I guess the better analogy was that I was the trapped mouse, they the cats of prey, ready to pounce.
And they did, busting through the bus door, hollering for me to raise my hands and put my head down. The adrenaline raced through me, but shoot no, I didn't stand to confront them. Instead, in the excitement, in the desire to show quick compliance to the yelling men with machine guns, when they said put your head down, I did.
I slammed it hard on the steering wheel.
That day in the spring of 1996, I was a stand-in terrorist for the SWAT team in Athens. The SWAT team stormed the Athens City Bus on Washington Street numerous times that morning, taking several of us make-believe bad guys into custody over and over again, until the novelty wore off and I was ready to leave and do something that didn't involve guns, yelling and a bruised forehead.
I recalled that episode this week as I read about the preparations for the 2004 summer Olympics in Athens, Greece. That city is reportedly far from ready. There is quite a bit of construction to be done.
And I'm sure there are stand-in terrorists helping law enforcement teams prepare for the real thing, because we expect that nowadays the real thing, the horrible thing.
Of course, there were plenty of security concerns in 1996, too, as evidenced by my SWAT team adventure. But we had a lot more than terrorism on our minds, because the world was turning its attention to Georgia.
We all remember the big board counting down the days till the Olympics. We wondered if traffic would be at a standstill two hours outside of Atlanta when the Olympics began. We wondered what the economic impact would be on the state, what historic events would happen at the new stadium, and ultimately, whether the Olympics would be deemed a success or a flop.
We all anticipated the Games for years. But as the countdown to the Olympics neared its end, I jumped ship.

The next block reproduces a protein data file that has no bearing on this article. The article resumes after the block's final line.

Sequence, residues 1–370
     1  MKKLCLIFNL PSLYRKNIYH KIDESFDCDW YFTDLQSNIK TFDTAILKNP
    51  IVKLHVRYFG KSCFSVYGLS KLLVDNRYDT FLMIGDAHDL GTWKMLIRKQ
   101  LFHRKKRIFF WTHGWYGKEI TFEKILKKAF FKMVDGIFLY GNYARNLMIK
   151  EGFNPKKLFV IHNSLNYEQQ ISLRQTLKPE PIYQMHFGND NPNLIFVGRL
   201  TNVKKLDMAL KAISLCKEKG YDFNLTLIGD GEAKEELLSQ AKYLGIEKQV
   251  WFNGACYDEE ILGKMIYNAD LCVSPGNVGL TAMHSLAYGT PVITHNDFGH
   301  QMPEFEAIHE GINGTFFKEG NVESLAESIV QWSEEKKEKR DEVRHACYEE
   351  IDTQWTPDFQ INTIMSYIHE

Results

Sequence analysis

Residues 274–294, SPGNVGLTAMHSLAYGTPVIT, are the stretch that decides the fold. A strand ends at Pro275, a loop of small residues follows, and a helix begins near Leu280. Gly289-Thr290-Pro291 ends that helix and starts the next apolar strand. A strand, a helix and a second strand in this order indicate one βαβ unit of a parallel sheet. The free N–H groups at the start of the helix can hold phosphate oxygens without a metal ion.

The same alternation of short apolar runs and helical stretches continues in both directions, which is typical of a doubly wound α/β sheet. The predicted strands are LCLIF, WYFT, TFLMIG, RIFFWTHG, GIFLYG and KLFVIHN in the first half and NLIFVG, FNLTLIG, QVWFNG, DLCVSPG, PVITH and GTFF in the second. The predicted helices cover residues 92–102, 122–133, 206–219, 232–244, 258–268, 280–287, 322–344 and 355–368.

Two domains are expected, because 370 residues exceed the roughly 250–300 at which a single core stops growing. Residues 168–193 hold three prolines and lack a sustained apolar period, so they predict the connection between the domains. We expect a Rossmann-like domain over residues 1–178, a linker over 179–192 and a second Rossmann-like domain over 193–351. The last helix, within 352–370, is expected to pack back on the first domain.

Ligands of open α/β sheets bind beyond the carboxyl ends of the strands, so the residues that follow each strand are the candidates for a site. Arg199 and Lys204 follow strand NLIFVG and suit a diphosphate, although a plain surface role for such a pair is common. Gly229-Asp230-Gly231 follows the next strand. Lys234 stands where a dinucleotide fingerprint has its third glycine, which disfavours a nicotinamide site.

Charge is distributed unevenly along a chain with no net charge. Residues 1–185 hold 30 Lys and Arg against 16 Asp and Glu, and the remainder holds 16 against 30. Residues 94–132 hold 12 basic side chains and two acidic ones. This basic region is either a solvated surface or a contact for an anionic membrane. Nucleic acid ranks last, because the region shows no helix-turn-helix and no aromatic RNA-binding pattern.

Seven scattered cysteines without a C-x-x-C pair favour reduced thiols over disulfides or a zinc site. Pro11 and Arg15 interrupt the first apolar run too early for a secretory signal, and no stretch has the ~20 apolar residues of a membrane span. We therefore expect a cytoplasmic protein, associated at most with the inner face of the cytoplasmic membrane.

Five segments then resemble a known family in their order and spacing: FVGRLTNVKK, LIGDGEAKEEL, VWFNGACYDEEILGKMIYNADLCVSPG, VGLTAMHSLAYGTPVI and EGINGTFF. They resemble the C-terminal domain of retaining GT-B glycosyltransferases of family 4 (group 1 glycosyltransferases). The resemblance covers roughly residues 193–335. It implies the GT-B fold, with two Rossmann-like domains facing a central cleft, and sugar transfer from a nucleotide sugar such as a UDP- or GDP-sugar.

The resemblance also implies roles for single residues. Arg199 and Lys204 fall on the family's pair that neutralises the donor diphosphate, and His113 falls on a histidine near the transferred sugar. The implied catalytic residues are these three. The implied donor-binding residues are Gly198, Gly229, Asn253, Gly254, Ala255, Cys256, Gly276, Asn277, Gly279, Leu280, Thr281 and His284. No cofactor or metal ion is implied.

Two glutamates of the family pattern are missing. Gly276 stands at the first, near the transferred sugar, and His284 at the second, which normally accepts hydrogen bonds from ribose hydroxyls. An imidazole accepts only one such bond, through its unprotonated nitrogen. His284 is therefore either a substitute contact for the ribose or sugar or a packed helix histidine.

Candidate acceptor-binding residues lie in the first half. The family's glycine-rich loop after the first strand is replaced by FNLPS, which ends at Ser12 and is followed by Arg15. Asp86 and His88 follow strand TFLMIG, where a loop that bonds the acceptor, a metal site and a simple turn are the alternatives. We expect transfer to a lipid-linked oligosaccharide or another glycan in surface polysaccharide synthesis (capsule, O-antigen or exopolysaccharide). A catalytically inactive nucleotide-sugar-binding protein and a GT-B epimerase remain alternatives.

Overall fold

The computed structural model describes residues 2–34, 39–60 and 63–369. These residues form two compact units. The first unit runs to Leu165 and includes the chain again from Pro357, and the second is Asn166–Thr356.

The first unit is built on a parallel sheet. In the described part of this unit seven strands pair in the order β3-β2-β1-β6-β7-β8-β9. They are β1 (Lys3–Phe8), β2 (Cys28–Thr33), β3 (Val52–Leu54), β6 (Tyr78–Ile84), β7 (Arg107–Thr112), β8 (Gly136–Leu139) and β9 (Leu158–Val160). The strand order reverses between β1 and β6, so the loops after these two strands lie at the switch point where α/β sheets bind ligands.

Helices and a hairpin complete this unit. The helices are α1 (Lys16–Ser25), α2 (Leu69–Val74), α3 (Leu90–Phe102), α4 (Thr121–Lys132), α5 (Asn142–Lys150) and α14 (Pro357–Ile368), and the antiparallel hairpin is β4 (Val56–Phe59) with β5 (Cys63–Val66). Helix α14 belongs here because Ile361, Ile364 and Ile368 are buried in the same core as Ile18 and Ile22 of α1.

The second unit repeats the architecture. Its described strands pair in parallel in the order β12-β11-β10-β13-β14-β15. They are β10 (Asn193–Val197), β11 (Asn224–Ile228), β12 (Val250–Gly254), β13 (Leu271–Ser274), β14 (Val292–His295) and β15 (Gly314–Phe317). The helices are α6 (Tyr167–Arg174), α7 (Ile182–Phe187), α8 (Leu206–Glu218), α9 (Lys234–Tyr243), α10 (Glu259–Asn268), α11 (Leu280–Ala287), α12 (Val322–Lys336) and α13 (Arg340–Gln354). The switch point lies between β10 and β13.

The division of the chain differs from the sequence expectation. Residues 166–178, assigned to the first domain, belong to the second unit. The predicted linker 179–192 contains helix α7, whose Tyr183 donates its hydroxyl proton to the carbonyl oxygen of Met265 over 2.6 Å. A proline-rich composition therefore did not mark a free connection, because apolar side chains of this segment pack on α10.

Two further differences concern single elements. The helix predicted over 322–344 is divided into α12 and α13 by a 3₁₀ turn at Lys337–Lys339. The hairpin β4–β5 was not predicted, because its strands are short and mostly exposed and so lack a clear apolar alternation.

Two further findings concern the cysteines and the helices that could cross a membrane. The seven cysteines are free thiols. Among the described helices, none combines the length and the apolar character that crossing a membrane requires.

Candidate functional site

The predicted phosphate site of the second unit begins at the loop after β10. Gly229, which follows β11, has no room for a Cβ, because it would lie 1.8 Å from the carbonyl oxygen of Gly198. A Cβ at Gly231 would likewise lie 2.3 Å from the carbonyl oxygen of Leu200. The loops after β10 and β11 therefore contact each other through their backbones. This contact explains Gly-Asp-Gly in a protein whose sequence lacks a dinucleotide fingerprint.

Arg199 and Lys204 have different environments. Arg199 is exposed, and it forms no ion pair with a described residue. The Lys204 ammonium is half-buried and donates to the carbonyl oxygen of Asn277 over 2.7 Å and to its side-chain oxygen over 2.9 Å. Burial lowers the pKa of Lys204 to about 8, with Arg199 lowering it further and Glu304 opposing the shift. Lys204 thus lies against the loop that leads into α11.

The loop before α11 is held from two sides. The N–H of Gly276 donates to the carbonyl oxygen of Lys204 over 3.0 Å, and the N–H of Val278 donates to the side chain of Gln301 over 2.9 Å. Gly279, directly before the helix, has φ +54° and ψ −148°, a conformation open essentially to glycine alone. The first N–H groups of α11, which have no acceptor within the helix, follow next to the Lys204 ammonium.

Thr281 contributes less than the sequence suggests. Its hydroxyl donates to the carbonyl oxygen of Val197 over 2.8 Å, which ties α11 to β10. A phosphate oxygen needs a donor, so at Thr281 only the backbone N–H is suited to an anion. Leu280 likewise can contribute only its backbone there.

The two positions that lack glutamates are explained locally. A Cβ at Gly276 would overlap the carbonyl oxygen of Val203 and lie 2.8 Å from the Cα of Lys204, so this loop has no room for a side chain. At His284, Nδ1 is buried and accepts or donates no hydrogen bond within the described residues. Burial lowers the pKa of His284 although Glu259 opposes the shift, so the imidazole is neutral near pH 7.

Actually, it was a plane.
That summer I had the chance to travel to Europe. So I took it. I traveled with a friend to several countries: the Netherlands, Italy, the Czech Republic, Poland, Hungary and Greece.
And during the Olympics I watched soccer games played in Sanford Stadium from a dorm room in Budapest. It was strange to watch the "home of the dawgs" with an Australian and three Italian guys in Hungary. I wanted to share Larry Munson impersonations with someone, call soccer like he might, perhaps his grim Dawg loyalty temporarily given to a valiant underdog "you got to hunker down Jamaica."
On a more somber note, I recall that I was in Krakow, Poland, when the Centennial Park bomb went off. I felt somewhat panicked, not knowing any details of the bombing and knowing that my family was going to the Olympics that day. At that point, I really felt trapped by the distance from home and wanted desperately to leave.
But that trip wasn't all anxiety-ridden. One of my best memories is of taking a boat to the island Andros, a mountainous, goat-covered land, with a hotel run by "Papa Nick," a kind, rotund man with a big laugh who treated us to huge meals and acted as if we were personal guests, not hotel customers.
We all have our memories of the historic 1996 games.
Mine have little to do with the actual events, or with Georgia, even.
On the other hand, my sister talks not of Michael Johnson's dash to glory, but of being driven to tears the prior night in a hotel room in Atlanta by our father's snoring.
Hopefully, we'll be able to look back on this year's Olympics without incident, unless of course, it's something glorious on the track or perhaps something noteworthy or humorous in our own lives, like the sorry bang of my head to the steering wheel.
Zach Mitcham is editor of The Madison County Journal.